Tricycle Magazine Perfecting a #10
Deluxe self-mailers appeal to publishers for a few main reasons: their creative potential, visibility in the mail, quick production time and low cost. Yet when publishers test self-mailers against more traditional letter packages, they may find that the more expensive letter packages still come out on top.
With 200,000 pieces dropped, Tricycle, a nonprofit magazine that covers topics in Buddhism, is finding such results in its biannual acquisition mailing. In mid-May, panel tests to outer copy, letter copy and also a deluxe triple postcard format were tested against the #10 control mailing. The control mailing includes a #10 outer envelope with a window, four-page letter, brochure, buckslip, reply and BRE (Archive code #202-178152-0905).
While the self-mailer was a cost-effective option, the #10 letter pack still appears to be generating the most response. "We're getting a healthy response overall, but it seems like the control package is leading ... although from a profit-and-loss perspective, the self-mailer is also doing well," comments Allison Steinberg, associate publisher for the New York-based publication.
The #10 package grabs readers' attention immediately with strong teaser copy above the address window, framing the offer and teasing the premium gift, a free guided meditation CD. To the right of the address window, a persuasive endorsement from actor Willem Dafoe, "Tricycle is one of the only magazines that I actually read cover to cover," further compels prospects to open the package.
Once inside, there is the long letter, with a headline at the top, again plugging the free gift. Throughout the letter, the offer is outlined as a risk-free subscription to the magazine for $19.95, or 37 percent off the newsstand price, plus a free guided meditation CD. Within the text, renowned contributors to Tricycle, such as Thich Nhat Hanh and the Dalai Lama, are mentioned in bold print. There are also actual article titles mentioned to make the content more tangible for prospects.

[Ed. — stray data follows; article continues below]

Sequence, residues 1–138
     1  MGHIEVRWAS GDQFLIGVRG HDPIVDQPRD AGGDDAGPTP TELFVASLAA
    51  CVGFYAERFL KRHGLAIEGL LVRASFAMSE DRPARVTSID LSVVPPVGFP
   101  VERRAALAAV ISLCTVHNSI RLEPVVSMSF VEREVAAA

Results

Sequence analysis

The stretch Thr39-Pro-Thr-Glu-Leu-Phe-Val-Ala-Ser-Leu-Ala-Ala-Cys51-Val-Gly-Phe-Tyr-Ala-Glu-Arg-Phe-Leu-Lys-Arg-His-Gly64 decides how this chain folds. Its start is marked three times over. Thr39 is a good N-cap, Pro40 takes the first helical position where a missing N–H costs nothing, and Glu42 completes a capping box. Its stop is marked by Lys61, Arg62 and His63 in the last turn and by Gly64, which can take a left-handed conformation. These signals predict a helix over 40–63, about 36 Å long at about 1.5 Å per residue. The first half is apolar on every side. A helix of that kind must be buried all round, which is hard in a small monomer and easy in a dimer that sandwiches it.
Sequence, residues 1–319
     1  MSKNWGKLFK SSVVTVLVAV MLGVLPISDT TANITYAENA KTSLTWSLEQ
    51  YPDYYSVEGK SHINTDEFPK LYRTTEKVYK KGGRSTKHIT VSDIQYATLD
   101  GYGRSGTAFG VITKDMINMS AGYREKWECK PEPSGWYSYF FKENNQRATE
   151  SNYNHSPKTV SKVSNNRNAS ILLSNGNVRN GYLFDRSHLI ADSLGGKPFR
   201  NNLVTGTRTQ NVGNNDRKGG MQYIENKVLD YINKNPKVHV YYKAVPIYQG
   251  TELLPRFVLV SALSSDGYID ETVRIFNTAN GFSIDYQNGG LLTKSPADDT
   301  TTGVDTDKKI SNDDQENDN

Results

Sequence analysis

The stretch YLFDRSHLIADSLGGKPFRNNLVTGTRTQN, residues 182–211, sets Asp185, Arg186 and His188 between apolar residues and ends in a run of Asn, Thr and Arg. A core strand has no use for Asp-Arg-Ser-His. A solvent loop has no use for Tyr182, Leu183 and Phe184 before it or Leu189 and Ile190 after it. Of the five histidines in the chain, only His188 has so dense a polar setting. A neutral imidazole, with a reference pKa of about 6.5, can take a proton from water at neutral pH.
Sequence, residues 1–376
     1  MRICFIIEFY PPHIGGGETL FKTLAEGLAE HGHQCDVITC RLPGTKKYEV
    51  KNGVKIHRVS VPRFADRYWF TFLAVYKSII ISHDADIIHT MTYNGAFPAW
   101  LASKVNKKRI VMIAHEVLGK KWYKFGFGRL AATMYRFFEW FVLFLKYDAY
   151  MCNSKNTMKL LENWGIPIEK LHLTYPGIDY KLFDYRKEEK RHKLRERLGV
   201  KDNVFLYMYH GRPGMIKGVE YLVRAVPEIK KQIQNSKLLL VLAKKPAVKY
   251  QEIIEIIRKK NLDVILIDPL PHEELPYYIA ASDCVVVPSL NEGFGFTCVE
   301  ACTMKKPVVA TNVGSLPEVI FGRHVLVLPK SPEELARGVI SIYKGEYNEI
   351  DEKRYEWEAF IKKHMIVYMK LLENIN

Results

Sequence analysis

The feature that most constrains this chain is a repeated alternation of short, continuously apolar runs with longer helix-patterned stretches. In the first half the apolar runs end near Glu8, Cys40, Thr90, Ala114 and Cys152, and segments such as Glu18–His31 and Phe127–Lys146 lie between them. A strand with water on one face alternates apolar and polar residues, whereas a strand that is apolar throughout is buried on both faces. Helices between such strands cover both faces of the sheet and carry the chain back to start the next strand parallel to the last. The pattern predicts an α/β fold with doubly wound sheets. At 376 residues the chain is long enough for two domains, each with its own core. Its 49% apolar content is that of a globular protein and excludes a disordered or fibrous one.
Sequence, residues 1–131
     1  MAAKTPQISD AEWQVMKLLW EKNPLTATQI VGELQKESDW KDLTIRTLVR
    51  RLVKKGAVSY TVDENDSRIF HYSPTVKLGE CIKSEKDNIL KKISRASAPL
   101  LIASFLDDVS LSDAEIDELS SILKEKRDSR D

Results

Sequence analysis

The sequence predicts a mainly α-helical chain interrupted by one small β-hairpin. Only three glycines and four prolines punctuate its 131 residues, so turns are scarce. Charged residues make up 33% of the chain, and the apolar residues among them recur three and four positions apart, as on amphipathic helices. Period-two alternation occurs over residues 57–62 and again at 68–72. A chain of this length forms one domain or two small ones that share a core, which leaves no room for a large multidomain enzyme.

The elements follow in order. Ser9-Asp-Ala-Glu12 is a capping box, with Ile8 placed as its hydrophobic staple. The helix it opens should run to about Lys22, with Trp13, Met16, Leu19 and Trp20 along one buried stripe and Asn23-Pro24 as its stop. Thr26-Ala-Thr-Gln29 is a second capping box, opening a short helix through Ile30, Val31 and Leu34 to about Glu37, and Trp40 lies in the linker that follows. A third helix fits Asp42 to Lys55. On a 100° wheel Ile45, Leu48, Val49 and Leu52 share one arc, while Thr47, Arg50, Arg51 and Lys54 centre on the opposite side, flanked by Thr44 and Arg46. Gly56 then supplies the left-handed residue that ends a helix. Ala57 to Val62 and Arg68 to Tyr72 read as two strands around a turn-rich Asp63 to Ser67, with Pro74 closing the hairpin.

One of the highlights of the package is a 3-1/2' x 6-1/2 horizontal brochure that folds out into four panels, filled with cover thumbnails, photographs and illustrations. The brochure also includes testimonials; industry accolades; a list of articles, authors and sections of the magazine; and the publication's original mission statement. These elements paint a picture of what prospects can expect from Tricycle.
Rounding out the package are a buckslip touting the benefits of the guided meditation CD premium and a reply card adorned with thumbnail magazine covers and copy about the publication's high-quality production values. Tricycle also includes a BRE in the package and receives cash with order for about half of its total response.
The $19.95 price point is actually a test, up from the control of $16.95. "We have not tested a higher price point in a long time, so we're very curious to see how people might respond," Steinberg comments. She points out that the prospects willing to come in at a higher price point tend to renew at higher rates and maintain longer lifetime values.
Steinberg says the mailing goes to a national audience of diverse readers who all share an interest in Buddhist subjects. "Folks don't necessarily have to identify as being Buddhist to like our magazine. About half our readership [self-identifies] as Buddhist; half does not," Steinberg reveals. Finding new audiences for this niche publication has proven a challenge, and Steinberg keeps aware of new list opportunities to avoid repeatedly mailing to the same finite universe of prospects.